From Lake Harriet, we ran south, then east along Minnehaha Creek, feet pounding the paved trail. We ticked off 10 miles by 8:30 a.m. At mile 14, my back started to knot. My ankles went numb, and I did a little kick--a whip-snap of the foot--repeatedly while running to try and get out the crick.

"Trouble there?" one of the runners asked, shouting from behind.

The memories of marathon misery come back strong at such times. It's a sport of the highest highs and the lowest lows. Cursing, drooling, shouting, puking, wheezing and choking up are all part of the human drama from about mile 18 on.

Not long ago--I think during Grandma's Marathon in 2005--I got belligerent in downtown Duluth, just two miles from the finish, head swirling with exhaustion, adrenaline and too much Cytomax drink. I sang Bob Dylan's "Like a Rolling Stone" loud to myself. "How does it feel to be on your own," I yelled out, possessed. (Some people run like gazelles; I'm kind of an ape.)

Maybe I'm odd, but long-distance running to me has always triggered the existential--maybe transcendental--side of things in my head. It's a full reboot of all things physical, your bones, limbs, tendons, muscles and joints all utterly used up by mile 20 or so. Only your mind remains: I once ran the final stretch in a marathon in Madison, Wisconsin, with absolutely no sensation below my neck.

For me, the marathon experience makes most other things in life seem easy, physical or otherwise. It's a top reason why I love the sport. Marathons have also propelled me into ultra racing, where competitors run, bike or trek for 24 hours straight or longer. To other (maybe more normal) runners, marathons can boost the ego and breed mental toughness or self-confidence.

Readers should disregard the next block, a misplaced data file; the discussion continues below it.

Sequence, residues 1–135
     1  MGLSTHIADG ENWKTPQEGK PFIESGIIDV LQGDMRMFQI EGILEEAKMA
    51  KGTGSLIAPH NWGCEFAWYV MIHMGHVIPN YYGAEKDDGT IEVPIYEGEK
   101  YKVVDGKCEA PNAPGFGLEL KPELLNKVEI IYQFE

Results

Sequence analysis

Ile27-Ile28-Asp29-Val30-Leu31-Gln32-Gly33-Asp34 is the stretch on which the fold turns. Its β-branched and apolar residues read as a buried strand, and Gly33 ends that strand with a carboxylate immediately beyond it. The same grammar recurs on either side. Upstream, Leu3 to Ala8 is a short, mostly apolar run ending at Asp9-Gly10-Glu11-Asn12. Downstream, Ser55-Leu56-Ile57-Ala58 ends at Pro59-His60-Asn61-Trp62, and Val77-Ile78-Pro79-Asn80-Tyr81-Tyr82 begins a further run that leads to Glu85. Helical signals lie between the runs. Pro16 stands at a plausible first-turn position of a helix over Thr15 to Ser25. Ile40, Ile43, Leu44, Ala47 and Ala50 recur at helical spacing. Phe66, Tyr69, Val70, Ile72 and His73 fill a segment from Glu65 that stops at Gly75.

"I have to overcome day after day where I just don't feel like training," said Deborah Bohmann, a 33-year-old attorney in the MDRA group who will run her 10th marathon this fall. "But your mind always wins out over your body, and you make yourself get up."

Bohmann lists adjectives like driven, obsessive and compulsive to describe marathon runners she knows. "I'm saying those in a good way," she qualified.

Another MDRA club runner, Jim Devos, likes to say that no one runs just two marathons. "You either do one marathon and say, 'OK, been there done that,' or you keep doing race after race," he said.

For Humphrey--who once ran a front-of-the-pack, two-hour, 25-minute race--marathons suggest invincibility. "In my top shape, when I was young and fast, I felt unstoppable," he said. "I felt like I could do anything."

Today, more than 20 years past his days as a college runner, Humphrey averages three hours, 15 minutes on a marathon. "I just run for enjoyment now," he said.

Despite my blisters and black toenails, despite my middle-of-the-pack finish times--and trying desperately to forget the belligerence and the Bob Dylan--I know what Humphrey means.

Stephen Regenold writes The Gear Junkie column for eight U.S. newspapers; visit for video gear reviews, a daily blog and an archive of Regenold's work.